“This is a one-year season that will ultimately be next season and next season,” Hirshfeld said. “There’s some long-term planning, some short-term planning, some medium-term planning. So we’re trying to make sure we’re thinking about every eventuality.”

The team will take the ice on Friday

Much of Ottawa’s camp so far has focused on all the new faces getting to know each other, including a team scavenger hunt on Thursday.

That feeling process carries over to the court on Friday, when the players step onto the ice at TD Place for the first time.

“For us, right now it’s less about worrying about combos and chemistry and who do we have?” MacLeod said.

“You can watch videos of the players, you can see them maybe with your eyes, but until you’re on the ice with them, until you start seeing how they naturally play with each other, I think we’d be doing a disservice to our group.” if we didn’t let them play for a while and see what we see.

A woman smiles while doing interviews.
PWHL Ottawa head coach Carla MacLeod will lead the team’s first practice on Friday. (Pierre-Paul Couture/Radio-Canada)

Entering camp, the team has 17 players under contract, leaving six roster spots open for 11 players to try to fill. Each team can have 23 players under contract, plus two reserve players, heading into the first season.

Those 17 contracts Hirshfeld has signed include all of the team’s draft picks except Caitrin Lonergan, who is not in camp this year, and Audrey-Anne Veillette, who is injured.

Although contract news has filtered through the PWHL’s social media channels over the past two weeks, Hirshfeld said the team finished signing players about three weeks ago.

He didn’t want contract negotiations to be a distraction on training camp, but it wasn’t the only reason he locked up players quickly.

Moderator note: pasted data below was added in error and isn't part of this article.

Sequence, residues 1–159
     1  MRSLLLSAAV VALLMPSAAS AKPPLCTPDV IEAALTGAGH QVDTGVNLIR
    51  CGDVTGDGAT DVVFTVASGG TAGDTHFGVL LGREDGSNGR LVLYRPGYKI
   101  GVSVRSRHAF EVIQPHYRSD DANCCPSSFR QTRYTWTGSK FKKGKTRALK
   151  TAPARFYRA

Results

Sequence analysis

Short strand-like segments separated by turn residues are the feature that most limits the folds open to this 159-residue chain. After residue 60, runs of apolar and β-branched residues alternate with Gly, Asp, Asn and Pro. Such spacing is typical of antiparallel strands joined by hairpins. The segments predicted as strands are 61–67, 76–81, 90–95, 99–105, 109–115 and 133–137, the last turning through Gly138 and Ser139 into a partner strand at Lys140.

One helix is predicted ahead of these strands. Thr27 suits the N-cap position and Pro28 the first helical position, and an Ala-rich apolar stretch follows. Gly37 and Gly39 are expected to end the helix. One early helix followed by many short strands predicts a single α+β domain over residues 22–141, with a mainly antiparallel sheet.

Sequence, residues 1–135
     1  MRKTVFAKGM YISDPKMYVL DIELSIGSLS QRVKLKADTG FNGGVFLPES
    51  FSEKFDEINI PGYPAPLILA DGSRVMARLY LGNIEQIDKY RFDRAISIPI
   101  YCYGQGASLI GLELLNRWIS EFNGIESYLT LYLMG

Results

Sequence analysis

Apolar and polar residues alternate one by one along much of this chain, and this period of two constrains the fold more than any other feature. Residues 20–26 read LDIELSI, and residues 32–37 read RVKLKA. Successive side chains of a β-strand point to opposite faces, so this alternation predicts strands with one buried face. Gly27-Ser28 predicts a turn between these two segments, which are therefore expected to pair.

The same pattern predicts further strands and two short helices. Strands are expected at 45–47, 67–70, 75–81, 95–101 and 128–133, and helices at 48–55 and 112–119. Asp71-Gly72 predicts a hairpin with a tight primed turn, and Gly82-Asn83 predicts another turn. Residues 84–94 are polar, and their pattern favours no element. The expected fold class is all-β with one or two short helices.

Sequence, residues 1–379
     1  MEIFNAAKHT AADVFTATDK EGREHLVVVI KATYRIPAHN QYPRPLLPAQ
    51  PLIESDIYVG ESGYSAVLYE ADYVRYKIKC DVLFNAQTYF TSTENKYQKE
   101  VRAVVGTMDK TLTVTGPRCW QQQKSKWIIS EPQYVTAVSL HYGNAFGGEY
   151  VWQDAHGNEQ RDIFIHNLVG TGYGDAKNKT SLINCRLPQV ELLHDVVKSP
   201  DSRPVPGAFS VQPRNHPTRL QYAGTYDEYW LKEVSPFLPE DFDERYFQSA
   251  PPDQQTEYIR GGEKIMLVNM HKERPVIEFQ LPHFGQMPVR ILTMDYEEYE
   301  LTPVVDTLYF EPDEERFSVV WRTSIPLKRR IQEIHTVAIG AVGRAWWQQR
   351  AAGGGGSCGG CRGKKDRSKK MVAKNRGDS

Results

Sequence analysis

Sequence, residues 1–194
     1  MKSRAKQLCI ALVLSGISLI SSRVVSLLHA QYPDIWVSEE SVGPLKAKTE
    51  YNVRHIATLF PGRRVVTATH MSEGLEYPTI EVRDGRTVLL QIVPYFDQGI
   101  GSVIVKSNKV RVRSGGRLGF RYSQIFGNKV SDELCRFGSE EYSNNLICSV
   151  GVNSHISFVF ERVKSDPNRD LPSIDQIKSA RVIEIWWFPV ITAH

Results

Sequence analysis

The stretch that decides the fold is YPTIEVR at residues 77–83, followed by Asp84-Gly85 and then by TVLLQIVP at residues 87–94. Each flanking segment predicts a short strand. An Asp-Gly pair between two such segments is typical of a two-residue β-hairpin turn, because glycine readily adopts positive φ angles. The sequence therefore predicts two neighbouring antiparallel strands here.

“Us [wanted] hire those players because they get the housing stipend and the relocation expenses and all the benefits that we talked about,” Hirshfeld said. “They only get that once they’re under contract. “It was important to me to make sure they had access to that.”

Ottawa’s camp guest list included the names of some of the biggest undrafted free agents, including former Premier Hockey Federation MVP Mikyla Grant-Mentis and Becca Gilmore, who just returned from the Rivalry series between Canada and the United States. Gilmore signed a one-year deal before camp, but Grant-Mentis will compete for one of the available roster spots.

The team must remove at least two players from the camp roster by Nov. 29. The team will then head to Utica, New York, for several days of practice against the other five teams.

Hirshfeld plans to have his final 23-player roster ready by Dec. 9.

“I think we’re going to try to keep the best players we can,” Hirshfeld said. “The combination itself, whether it’s 12 forwards or 11 forwards or seven or eight [defenders]”We’ll just let it play out and see how people perform.”

When the players hit the ice on Friday, they will be under evaluation. But MacLeod also wants to make sure they have fun.

“If you can start cultivating that, it’s as critical a skill as defending a two-on-one,” he said. “We are going to try to develop the different facets of our game and one of them is enjoyment. We will make sure that is a priority.”